14 March 2009

Fourth Address: Justification in Union with Christ, Derek Thomas (PCRT 2009 Sacramento)

by Dan Phillips

[This one's a little rough and a little late, as I was battling some IT battles, including a nassty Vista reboot and tangling with the network. Thanks to the wonderful, incredibly-supportive folks here at Immanuel, I'm back.]

After a good lunch break (I had the pleasure and privilege of breaking bread with the speakers, minus the departed Pastor Lawlor), we reconvened at 2pm Saturday.

After we sang the wonderful "Rock of Ages," Derek Thomas had us turn to Galatians 2:17. He then referred to the statements of the confessions as to justification and imputation. The doctrine is of the imputation, the crediting, of Christ's righteousness — as contrasted with Roman Catholicism, which insists on impartation and inwrought righteousness. Rome still affirms the Council of Trent. The evangelical understanding sees imputation as the transfer of "alien righteousness," meaning from outside of us.

Also, free grace is a hallmark facet of Reformation teaching. Calvin says that the man, by faith, lays hold of the righteousness of Christ, and is accepted as righteous in God's eyes for that reason. Cranmer called imputation the strong rock and foundation of Christian religion; anyone who denies that truth is an adversary of Christ. Luther said that this is how Christ makes His righteousness my righteousness, and my sin His sin.

Thus I am freed from my sin, and clothed with Christ's righteousness.

This is what is insisted on in Romans 3:24 and 4:4-5, and in Philippians 3:8-9 - the free imputation of God's righteousness.

Thomas thinks Paul learned of the truth of the union of Christ with His people in his encounter with Stephen on the Damascus Road, and then Jesus saying, "Saul, Saul, why do you persecute Me?" This showed the union of Christ with His people: in Stephen, Christ was persecuted. John Murray called union with Christ as the central truth in the doctrine of redemption.

We should not view it only federally, but experientially as well. There is nothing that we have, that we do have other than by virtue of union with Christ. Calvin stressed this: whatever is ours of spiritual blessing is ours in Christ, and we have nothing apart from Him. "Let us drink our fill from this fountain, and from no other." If we stray from Him, we stray fatally.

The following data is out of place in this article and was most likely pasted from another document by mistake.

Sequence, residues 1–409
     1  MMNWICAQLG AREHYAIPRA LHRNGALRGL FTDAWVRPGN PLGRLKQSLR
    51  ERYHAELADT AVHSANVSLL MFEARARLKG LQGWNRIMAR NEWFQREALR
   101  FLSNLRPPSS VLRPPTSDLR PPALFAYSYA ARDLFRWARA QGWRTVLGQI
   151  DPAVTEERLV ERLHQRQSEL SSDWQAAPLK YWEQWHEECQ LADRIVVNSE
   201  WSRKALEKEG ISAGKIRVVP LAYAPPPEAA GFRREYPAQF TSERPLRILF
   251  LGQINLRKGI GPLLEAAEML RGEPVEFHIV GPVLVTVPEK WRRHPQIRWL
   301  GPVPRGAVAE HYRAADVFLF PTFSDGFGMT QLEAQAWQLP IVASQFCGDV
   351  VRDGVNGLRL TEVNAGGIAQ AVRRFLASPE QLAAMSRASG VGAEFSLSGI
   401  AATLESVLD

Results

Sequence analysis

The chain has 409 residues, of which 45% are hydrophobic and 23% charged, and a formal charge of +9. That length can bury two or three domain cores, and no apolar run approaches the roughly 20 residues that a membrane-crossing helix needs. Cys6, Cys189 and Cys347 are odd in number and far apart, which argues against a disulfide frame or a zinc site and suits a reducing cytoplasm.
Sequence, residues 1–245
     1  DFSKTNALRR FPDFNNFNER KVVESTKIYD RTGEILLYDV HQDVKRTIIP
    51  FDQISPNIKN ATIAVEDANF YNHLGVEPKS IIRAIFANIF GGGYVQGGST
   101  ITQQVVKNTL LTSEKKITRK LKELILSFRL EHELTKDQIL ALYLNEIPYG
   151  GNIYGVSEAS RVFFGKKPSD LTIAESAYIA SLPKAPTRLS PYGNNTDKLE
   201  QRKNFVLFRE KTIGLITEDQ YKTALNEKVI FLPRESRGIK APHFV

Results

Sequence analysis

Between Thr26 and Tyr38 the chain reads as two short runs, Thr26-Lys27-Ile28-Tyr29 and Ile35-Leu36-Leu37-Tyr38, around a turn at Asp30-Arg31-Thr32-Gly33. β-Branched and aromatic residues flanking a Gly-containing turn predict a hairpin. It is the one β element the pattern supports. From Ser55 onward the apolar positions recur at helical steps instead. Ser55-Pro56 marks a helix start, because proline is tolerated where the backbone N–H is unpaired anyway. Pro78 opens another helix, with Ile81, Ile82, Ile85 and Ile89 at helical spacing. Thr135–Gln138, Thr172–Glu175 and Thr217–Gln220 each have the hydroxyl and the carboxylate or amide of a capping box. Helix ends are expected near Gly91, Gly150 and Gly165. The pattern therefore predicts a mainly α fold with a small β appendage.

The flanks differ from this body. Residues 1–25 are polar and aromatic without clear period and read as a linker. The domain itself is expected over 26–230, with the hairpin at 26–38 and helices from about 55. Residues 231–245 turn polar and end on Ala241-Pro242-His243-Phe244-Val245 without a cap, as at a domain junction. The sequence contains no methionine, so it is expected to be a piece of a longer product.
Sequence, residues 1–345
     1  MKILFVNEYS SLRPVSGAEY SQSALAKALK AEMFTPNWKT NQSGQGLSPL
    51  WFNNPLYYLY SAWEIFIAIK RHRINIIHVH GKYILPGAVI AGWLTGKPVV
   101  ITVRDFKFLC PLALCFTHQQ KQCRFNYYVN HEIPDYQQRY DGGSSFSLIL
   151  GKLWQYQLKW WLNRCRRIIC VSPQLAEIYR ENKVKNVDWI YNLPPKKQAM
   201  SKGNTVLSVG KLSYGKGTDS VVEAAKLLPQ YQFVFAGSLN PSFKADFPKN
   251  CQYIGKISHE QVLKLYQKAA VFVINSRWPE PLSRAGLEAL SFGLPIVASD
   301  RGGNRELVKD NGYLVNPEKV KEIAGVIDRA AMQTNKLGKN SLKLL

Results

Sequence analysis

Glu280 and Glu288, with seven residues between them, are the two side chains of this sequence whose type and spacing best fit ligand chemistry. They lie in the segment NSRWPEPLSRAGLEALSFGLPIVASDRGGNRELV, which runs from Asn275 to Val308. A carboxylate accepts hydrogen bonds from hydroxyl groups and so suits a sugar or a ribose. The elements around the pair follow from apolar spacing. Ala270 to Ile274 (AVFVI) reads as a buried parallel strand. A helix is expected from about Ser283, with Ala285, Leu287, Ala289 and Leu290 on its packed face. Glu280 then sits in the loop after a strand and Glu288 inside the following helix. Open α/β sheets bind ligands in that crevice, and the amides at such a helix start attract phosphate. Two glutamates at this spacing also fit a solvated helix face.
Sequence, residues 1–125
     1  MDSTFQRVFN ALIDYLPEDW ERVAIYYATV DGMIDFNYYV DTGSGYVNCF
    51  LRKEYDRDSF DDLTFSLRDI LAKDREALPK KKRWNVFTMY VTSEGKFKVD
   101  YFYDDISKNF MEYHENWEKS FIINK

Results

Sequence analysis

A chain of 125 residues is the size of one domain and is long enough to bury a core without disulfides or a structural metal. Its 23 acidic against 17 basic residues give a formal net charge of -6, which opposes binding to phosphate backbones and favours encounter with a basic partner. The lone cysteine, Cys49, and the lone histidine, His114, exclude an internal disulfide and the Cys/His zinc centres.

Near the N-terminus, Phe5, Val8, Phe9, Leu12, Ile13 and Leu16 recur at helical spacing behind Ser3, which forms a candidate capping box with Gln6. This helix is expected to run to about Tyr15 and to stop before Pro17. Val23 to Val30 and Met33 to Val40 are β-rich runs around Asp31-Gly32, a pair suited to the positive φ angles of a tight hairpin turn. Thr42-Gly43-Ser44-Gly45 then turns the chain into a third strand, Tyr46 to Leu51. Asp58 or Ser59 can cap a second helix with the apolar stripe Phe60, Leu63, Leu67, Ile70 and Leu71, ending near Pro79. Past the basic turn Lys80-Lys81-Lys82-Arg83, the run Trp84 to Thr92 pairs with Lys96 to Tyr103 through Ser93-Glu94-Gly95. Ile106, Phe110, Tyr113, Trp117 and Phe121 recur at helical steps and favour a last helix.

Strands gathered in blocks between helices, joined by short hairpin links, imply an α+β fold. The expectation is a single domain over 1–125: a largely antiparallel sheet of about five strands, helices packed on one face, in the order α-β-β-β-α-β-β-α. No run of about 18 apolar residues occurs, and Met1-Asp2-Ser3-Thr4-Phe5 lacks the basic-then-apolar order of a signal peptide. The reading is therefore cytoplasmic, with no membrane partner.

Or see Philippians 3 again, "That I may be found in Him." The faith that justifies does so only through union with Christ. It is union with Christ that saves the doctrine of justification being in reality a "legal fiction." But when men fly from that Reformed, Biblical view, they necessarily head for Rome.

The "alone" is what distinguishes Paul's gospel from the Roman dogma.

Thomas discussed the "new perspective" view that the Judaism of Paul's day as a religion of grace. But studies have confirmed the contrary, that NT era Judaism was indeed a works-righteousness religion.

Then there is the suggestion that Paul really had in mind not how to be saved, how to be right before God forensically, but who belongs to the Kingdom of God? Jews only, or Gentiles as well? This shift is partly motivated by ecumenical impulses, the desire to move the question so as to make rapprochement possible.

Again, there is the move to shift justification to eschatology alone, and consider that our good works will form part of the basis on which justification will be declare - not merely as confirmatory, but as part of the basis. In that case, present justification is only provisional. But the Reformation position is that union with Christ and justification are distinguishable, but inseparable. Calvin said that the mystical union with Christ is of the "highest degree of importance," so that Christ makes us sharers with Him of the grace with which He is endowed. John Owen says "the basis of justification is union."

It is fashionable to deny or pass over imputation. Wright says the concept is incoherent and not found in Paul. Joint statements of Lutherans and Roman Catholics leave "imputation" out altogether. Thomas quoted Wright's famous statement that righteousness is not an object or a substance or a gas that can be passed across a courtroom.

The truth is that justification brings us into existential union with Christ, through which come all the benefits that are ours in Christ as God's adopted sons.

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1 comment:

inquisitor said...

The question is whether imputation of Christ's righteousness is mentioned explicitly in the Bible.
Supporters of the doctrine, do not necessarily think so--see for example the views of D.A Carson.